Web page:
With the recent election, two very different and very distinctive world views have painfully taken their place upon the world stage. While there are clearly nuances on each side, it is the fundamental dichotomy that I find most fascinating. Is the world about hope and love? Or is it about pain and struggle? Is it a miracle? Or is it mundane and predictable?
While I acknowledge these are gross generalizations, they are useful for purposes of this discussion.
As Einstein so crisply states, 'there are only two ways to live your life'...one views the world through the rose-colored lens of possibility, of a god-touched potential that we have yet to fully explore and discover.
The other fixates on the drudgery of life that can bury us, defeat us, and snuff out our potential before we have yet to get started.
Whatever is happening TO you, is also happening FOR you.
Catchy, right? Sounds good. Seems likely to be true. And might explain so many of the things in our lives that don’t go as planned.
If the things that happen TO us, are in fact happening in order FOR us; to learn valuable lessons, flex unused emotional muscles, discover alternative narratives about ourselves, or just generally help us rediscover ourselves…then perhaps we can give ourselves a break, and not feel the need to ‘react’ in our moments of stress, hardship, or chaos.
In the world of business and policy, every action is boiled down into its relative ‘theory of change’. If this…then that. If I make this business decision, then I will ultimately reap increased profits. If we alter this practice, then our systems will function better.
So if we apply the theory of change to this rather enlightening concept, it would look something like this. If I am suffering right now, then I...
The choices we make define the quality of the life we live. These choices often defy what we know to be our own, innate wisdom. While we tend to attribute many of our trials and tribulations to things ‘beyond our control’, there is also, always a significant aspect of our own experience that is the direct and unequivocal result of our own choices.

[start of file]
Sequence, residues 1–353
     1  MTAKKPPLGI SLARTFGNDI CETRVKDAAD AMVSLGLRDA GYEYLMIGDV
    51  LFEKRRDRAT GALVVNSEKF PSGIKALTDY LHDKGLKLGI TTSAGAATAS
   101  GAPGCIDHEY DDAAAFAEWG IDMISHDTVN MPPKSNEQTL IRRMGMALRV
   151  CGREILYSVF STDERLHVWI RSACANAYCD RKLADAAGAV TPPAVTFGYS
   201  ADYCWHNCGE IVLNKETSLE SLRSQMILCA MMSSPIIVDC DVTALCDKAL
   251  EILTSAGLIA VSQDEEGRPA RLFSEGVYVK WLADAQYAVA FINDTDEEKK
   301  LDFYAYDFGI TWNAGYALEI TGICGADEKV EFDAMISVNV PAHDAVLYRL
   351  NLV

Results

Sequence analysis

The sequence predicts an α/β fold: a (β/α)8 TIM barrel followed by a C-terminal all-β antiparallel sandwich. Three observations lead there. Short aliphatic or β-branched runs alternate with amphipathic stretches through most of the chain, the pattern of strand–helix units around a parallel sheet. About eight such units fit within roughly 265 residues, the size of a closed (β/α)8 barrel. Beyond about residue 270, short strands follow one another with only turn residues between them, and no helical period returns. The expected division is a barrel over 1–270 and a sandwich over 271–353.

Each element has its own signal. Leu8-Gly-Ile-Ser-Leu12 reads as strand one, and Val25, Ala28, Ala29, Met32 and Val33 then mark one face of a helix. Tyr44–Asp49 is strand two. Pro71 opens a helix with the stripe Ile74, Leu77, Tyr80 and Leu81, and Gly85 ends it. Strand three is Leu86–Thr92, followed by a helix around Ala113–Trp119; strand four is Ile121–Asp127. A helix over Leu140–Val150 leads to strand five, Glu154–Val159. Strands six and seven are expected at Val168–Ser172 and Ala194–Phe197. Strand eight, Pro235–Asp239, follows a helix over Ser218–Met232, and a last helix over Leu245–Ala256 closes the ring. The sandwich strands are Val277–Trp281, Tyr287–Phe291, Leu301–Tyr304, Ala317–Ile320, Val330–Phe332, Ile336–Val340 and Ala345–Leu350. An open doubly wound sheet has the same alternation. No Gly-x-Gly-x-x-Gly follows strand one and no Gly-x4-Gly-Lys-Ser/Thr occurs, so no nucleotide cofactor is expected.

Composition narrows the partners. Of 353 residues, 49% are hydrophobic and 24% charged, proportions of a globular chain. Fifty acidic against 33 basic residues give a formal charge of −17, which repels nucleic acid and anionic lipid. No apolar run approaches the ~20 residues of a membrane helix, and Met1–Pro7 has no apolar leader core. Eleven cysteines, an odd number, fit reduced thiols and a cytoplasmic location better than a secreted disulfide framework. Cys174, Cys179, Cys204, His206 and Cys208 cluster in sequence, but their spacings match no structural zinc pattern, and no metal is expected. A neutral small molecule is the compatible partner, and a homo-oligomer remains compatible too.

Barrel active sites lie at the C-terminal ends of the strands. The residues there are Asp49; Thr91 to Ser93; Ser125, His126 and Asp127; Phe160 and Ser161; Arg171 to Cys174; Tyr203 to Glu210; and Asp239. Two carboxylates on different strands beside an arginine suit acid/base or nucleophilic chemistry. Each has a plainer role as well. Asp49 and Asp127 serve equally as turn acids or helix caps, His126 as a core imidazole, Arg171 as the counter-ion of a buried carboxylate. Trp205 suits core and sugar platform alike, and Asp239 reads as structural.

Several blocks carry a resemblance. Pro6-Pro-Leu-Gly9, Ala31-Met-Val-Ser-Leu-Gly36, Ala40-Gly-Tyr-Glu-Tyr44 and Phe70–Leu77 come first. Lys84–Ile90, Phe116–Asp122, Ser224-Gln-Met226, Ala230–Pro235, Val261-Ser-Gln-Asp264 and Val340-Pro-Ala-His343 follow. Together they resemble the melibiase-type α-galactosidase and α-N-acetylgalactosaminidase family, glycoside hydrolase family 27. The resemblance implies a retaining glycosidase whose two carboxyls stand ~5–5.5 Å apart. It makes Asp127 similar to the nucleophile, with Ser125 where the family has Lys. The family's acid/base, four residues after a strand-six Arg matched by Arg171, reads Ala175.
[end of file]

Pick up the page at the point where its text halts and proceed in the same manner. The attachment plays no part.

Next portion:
Good choices. Bad choices. Choices of inaction. Choices made out of frustration. Unconscious choices that stem from our muscle memory of untapped, unexplored and misunderstood feelings and memories.
In the Ayruvedic tradition, these types of negative choices are known as “crimes against wisdom”, and are thought to be the source of many other imbalances we experience in our life.
In defaulting either to conscious, or unconscious options that are ultimately damaging to ourselves (booze, sex, bad relationships, passive aggressive behavior, etc), we are undermining our own happiness.
We know what feels good. We know...
There are many parallels between organizational management, leadership principles and personal development themes and concepts. One commonality relates to the ways in which individuals and organizations gravitate towards ‘busy-ness’ as a standard for productivity and success.
Busy-ness relates to workload, schedules, capacity, quality, etc. This can be measured by how full your Outlook calendar looks, how many meetings you attend, how many projects you have undertaken, how many activities you are involved in, how many widgets you are making, etc.
On the human impact - end of the spectrum you can measure things like; how little free time you have, how poor your eating habits have become (as a result of your busy-ness), how many personal or family commitments you miss, or how hard it is to fit exercise or self-care into your day.
How much do you have on your plate, and how successful are you at managing and navigating those things? And...
My deepest desire is for everyone to live the highest expression of themselves. - Oprah Winfrey
Imagine a world in which every last human had the opportunity to grow and evolve into the very best version of themselves.
Imagine that they had food, loving care, education and stability as children. Imagine that they had opportunity, mentorship and resources to explore and expand into their most amazing selves.
What would the world be like if this were so? What sort of challenges would we face? Or rather, the question would more appropriately be; what challenges could we NOT face? If every human had the chance to contribute the strongest, most developed version of their human experience, how could the world not evolve into a better place?
This too is my deepest desire. That every child should have the opportunity to grow and develop into their best potential, and that they should then bless the world through the sharing of those gifts.
When I consider our global challenges today. When...